I’ve resisted writing about sex because I’d like to keep my private life private, but after the Wall Street Journal article on patient blogs announced to the world that I still have a sex life, I think it’s time to talk about it. It turns out that it’d be a good thing if SOMEBODY would talk about sex after estrogen, and that somebody seems to be, for one, anyway, me.
One of my first panics, upon being diagnosed with breast cancer and having to quit the next day Hormone Replacement Therapy cold turkey, and apart from dying before what I considered my time or becoming a bag lady after the bills, was not just that I’d never want sex again, or that I’d be unable to do it, or, as a single woman, that’d I’d never know intimacy again, but that, bottom line, I’d grow old alone.
The health professionals answer to my fear, when I dared voice it in some extravantly simple form, was, universally and without exception, “lubricants”. No one seemed to understand that a lubricant might not be enough to save me from growing old alone or drying up into invisibility. (A good lubricant is a start, however, and it’s good to talk with someone who knows about those things and can talk professionally and without embarrassment about them. I called Good Vibes, and had an actual intelligent conversation when I explained the problem of estrogen withdrawal dryness. These days, thank God, lubricant choices abound and I have now about a dozen samples.)
My fears went from panic to freak-out when I had a bad experience with an insensitive partner (a lapse in judgement on my part because I would have done almost anything to be held, even for an hour, although after that experience I changed my mind about that) about a month after my first surgery, my first encounter after two months off estrogen. Sex was unpleasant and painful and I got a bladder infection and I thought my love life was over. It didn’t help that I was scheduled for six months of cancer treatment, including a relumpectomy, a sentinel node dissection, and thirty-three radiation treatments. Would sex, which until that day had gotten better by the decade (and I’m well over fifty), hereafter and forever make me sick?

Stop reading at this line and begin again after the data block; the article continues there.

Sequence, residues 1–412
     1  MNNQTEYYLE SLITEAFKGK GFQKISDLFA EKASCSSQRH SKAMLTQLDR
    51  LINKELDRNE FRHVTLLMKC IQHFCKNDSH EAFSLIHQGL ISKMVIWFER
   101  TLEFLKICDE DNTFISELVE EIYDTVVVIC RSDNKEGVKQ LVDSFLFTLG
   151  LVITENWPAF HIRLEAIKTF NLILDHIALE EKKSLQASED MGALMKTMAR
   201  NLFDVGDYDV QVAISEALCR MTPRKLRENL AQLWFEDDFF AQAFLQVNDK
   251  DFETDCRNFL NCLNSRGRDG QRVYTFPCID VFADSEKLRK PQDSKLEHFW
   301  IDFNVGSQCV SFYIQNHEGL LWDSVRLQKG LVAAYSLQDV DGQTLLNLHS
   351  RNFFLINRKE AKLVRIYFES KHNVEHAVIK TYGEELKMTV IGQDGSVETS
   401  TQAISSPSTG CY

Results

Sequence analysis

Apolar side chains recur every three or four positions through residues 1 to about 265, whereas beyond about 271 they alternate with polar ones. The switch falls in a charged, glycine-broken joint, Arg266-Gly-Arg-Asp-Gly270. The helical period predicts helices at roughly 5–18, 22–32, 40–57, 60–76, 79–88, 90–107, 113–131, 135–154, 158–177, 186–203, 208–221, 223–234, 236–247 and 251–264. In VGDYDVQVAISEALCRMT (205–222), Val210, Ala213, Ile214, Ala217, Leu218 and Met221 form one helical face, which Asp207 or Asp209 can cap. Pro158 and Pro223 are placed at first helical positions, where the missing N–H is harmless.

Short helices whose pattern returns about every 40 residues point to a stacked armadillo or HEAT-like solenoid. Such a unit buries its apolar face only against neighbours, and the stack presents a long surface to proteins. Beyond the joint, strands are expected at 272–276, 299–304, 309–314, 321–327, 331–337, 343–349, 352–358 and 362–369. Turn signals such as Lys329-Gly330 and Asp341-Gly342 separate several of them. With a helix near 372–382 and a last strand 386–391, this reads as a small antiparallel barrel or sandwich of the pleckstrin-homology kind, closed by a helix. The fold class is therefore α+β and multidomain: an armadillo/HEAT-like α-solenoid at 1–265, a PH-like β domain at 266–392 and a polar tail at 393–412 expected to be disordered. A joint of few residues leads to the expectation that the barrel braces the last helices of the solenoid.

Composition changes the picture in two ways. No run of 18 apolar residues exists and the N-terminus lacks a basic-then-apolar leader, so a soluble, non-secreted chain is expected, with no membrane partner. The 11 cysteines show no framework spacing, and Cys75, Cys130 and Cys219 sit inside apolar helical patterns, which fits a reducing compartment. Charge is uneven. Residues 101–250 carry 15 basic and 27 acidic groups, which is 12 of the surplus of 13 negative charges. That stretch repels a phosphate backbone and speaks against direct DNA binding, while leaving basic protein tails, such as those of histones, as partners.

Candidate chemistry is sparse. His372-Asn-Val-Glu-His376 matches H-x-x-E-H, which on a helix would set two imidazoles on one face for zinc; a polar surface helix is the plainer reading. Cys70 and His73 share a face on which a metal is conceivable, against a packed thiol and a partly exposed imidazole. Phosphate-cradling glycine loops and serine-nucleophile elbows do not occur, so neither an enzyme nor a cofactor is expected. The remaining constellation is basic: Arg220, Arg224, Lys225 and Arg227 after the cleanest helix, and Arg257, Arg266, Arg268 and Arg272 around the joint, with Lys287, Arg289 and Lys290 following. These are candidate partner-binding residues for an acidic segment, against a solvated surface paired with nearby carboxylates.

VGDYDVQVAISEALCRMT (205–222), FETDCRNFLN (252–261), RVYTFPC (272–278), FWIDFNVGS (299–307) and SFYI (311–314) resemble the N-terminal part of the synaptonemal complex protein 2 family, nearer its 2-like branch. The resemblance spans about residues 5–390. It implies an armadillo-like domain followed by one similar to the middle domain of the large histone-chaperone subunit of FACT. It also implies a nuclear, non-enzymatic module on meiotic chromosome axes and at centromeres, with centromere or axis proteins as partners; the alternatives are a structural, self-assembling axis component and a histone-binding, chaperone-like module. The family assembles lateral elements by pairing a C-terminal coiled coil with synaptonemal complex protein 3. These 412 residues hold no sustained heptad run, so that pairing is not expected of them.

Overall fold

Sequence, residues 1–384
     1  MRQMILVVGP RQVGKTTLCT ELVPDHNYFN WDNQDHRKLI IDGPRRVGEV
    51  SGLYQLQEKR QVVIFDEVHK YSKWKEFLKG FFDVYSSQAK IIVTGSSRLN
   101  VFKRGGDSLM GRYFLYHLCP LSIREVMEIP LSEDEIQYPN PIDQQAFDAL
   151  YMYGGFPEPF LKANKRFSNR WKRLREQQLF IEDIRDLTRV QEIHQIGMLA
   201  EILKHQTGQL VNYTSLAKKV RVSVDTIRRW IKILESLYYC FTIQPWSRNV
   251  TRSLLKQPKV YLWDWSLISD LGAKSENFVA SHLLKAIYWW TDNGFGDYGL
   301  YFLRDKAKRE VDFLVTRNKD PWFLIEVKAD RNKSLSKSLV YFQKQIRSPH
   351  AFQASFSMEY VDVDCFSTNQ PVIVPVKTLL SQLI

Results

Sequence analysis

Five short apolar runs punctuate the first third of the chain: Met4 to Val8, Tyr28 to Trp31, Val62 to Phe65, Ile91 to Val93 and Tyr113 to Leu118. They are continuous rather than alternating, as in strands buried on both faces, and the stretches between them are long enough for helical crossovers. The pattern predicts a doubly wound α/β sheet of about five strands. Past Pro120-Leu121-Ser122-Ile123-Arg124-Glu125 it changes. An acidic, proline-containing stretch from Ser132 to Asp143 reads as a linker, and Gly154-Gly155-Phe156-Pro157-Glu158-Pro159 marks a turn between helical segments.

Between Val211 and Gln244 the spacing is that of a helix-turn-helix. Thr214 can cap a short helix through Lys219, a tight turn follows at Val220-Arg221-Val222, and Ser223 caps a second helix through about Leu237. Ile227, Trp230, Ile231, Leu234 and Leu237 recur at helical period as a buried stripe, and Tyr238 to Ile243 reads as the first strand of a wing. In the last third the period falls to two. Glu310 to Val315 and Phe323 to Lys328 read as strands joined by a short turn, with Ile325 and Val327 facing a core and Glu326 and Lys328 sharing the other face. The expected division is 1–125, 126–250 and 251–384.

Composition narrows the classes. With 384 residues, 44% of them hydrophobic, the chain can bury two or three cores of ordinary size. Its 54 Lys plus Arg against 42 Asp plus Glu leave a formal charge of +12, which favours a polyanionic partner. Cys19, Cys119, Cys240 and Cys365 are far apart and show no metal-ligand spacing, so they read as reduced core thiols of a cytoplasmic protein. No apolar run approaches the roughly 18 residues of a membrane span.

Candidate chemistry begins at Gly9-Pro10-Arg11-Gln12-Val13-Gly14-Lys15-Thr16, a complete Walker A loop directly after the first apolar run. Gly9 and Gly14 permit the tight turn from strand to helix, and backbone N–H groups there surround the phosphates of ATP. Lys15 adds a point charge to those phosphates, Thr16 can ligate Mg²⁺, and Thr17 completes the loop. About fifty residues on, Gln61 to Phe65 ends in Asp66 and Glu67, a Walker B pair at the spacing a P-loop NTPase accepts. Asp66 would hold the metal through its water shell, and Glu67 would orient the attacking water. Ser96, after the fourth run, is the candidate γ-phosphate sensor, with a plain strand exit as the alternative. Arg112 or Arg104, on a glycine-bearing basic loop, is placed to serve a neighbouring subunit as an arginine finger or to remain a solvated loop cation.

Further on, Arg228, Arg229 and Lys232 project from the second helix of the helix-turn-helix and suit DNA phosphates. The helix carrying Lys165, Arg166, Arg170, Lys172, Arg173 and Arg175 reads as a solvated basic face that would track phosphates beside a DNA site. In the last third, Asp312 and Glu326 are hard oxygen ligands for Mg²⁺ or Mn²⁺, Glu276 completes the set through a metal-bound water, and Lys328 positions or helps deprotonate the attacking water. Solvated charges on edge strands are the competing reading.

It turns out, however, five months later, that I’m just fine. A compatible sweetie (not the bad experience person) who tells me I’m hotter than ever and enjoys patiently making this pronouncement come true has convinced me that Premarin wasn’t my Prozac after all.
So that’s my experience to date: I’m seven months off HRT and four months into Arimidex, that shuts off ALL the estrogen my body makes, an alternative to Tomoxafin, which shuts off only the estrogen receivers in the breast. I’m operating on zero and still, to my huge surprise, doing better than ever. Really. I decided I’d be true to my feelings, love who I loved and not waste time holding out to protect my heart. And I dyed my hair red, which all my friends say suits me. I always wanted to be a redhead. It’s time to do those little things, so easy, that, well, what would people think?
This is meant as an encouragement to women who are worried about drying up and instantly aging. I don’t think it has to be so. Good diet, exercise, enjoying every moment possible go a long way to recovered energy, and hardly anything is sexier than energy. Perhaps the advice I’ve heard many times applies here too: “Once a fox, always a fox.” If you always loved sex, you always will. If you never did, it’s a tough place to start. But hey! We cancer survivors ARE tough. Maybe it’s exactly the right place to start.
I’ve received emails from women who’d like to start a private chat group about sex and breast cancer. If you’d like to be in on it, or if you have your own reassuring story, please email me. I’ll pass along nothing without your permission.